Gut microbiota have important functions in the body, and imbalances in the composition and diversity of those microbiota can cause several diseases. The host fosters favorable microbiota by releasing specific factors, such as microRNAs, and nonspecific factors, such as antimicrobial peptides, mucus and immunoglobulin A that encourage the growth of specific types of bacteria and inhibit the growth of others. Diet, antibiotics, and age can change gut microbiota, and many studies have shown the relationship between disorders of the microbiota and several diseases and reported some ways to modulate that balance. In this review, we highlight how the host shapes its gut microbiota via specific and nonspecific factors, how environmental and nutritional factors affect it, and how to modulate it using prebiotics, probiotics, and fecal microbiota transplantation.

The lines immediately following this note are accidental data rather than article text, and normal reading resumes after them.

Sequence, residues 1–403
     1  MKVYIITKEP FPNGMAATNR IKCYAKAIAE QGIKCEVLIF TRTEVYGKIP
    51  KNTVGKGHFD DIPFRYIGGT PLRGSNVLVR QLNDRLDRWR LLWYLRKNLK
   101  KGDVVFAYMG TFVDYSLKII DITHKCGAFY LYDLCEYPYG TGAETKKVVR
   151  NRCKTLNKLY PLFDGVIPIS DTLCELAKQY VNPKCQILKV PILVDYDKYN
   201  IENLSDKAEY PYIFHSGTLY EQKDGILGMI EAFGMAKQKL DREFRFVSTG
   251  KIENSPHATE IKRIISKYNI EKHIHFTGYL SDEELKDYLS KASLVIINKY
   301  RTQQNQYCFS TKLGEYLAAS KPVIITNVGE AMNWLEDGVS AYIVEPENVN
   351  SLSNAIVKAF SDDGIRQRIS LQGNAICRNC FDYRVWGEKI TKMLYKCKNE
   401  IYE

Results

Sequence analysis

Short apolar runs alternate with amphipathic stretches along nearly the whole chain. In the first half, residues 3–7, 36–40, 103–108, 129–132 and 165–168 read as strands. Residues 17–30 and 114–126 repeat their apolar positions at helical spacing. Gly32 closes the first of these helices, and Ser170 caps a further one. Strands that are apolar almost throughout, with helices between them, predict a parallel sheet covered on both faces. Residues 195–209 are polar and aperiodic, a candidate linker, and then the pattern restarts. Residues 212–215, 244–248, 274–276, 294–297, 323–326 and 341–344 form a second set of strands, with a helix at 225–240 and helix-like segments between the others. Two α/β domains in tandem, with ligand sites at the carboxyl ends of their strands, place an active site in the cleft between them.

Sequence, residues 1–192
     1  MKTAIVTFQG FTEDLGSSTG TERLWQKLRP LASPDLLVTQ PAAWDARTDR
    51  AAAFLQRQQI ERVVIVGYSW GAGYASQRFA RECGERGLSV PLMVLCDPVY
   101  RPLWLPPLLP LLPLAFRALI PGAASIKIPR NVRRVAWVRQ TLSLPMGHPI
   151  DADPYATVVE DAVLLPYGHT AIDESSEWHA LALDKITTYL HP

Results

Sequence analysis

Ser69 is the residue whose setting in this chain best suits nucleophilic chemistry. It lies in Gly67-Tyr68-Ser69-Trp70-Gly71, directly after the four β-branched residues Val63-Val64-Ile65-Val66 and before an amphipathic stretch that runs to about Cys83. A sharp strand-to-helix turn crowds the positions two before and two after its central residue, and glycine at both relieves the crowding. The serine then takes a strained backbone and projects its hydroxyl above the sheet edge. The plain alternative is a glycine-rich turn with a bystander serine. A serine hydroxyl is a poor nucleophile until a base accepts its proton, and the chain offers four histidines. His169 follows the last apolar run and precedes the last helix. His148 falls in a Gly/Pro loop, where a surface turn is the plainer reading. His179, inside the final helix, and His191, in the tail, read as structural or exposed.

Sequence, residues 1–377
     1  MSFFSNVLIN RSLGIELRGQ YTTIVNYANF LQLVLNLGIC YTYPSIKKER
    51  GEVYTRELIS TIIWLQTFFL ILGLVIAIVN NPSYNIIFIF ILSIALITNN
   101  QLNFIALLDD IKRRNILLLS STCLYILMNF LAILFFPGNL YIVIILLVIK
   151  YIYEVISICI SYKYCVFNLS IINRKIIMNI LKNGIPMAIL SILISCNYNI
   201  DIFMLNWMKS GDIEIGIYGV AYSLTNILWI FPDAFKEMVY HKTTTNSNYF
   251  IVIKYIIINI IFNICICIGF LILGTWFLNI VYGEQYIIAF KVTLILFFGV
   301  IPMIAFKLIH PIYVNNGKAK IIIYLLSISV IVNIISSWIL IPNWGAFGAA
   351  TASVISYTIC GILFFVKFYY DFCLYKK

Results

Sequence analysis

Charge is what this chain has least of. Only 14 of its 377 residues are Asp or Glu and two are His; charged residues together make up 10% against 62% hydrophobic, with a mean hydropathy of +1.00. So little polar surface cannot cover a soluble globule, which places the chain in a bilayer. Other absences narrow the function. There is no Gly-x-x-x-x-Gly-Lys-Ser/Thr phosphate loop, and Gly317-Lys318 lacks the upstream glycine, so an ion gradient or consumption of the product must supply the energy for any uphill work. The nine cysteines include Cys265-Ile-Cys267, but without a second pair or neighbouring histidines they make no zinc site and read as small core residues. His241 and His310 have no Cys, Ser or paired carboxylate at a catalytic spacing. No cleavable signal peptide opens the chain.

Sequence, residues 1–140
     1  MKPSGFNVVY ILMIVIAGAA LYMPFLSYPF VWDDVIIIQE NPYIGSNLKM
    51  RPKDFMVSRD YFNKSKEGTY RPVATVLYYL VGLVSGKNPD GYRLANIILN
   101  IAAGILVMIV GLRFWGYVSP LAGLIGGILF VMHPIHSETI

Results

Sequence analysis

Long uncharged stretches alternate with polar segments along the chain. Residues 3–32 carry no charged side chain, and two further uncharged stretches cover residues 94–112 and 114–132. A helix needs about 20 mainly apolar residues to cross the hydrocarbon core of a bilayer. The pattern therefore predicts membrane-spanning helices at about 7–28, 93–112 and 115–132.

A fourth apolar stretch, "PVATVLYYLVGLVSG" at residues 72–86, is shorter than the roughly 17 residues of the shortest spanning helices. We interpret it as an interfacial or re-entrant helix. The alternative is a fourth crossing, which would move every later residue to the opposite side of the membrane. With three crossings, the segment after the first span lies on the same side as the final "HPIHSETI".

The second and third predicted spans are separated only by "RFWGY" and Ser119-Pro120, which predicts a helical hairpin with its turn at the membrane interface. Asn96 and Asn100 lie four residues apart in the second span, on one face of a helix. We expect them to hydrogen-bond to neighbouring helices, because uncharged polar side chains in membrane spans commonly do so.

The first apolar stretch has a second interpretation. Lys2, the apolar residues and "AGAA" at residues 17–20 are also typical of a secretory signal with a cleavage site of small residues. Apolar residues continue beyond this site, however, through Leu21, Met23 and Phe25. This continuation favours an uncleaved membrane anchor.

Keywords: AMPs; Antibiotics; Diet; FMT; Gut microbiota; Prebiotics; Probiotics; miRNA.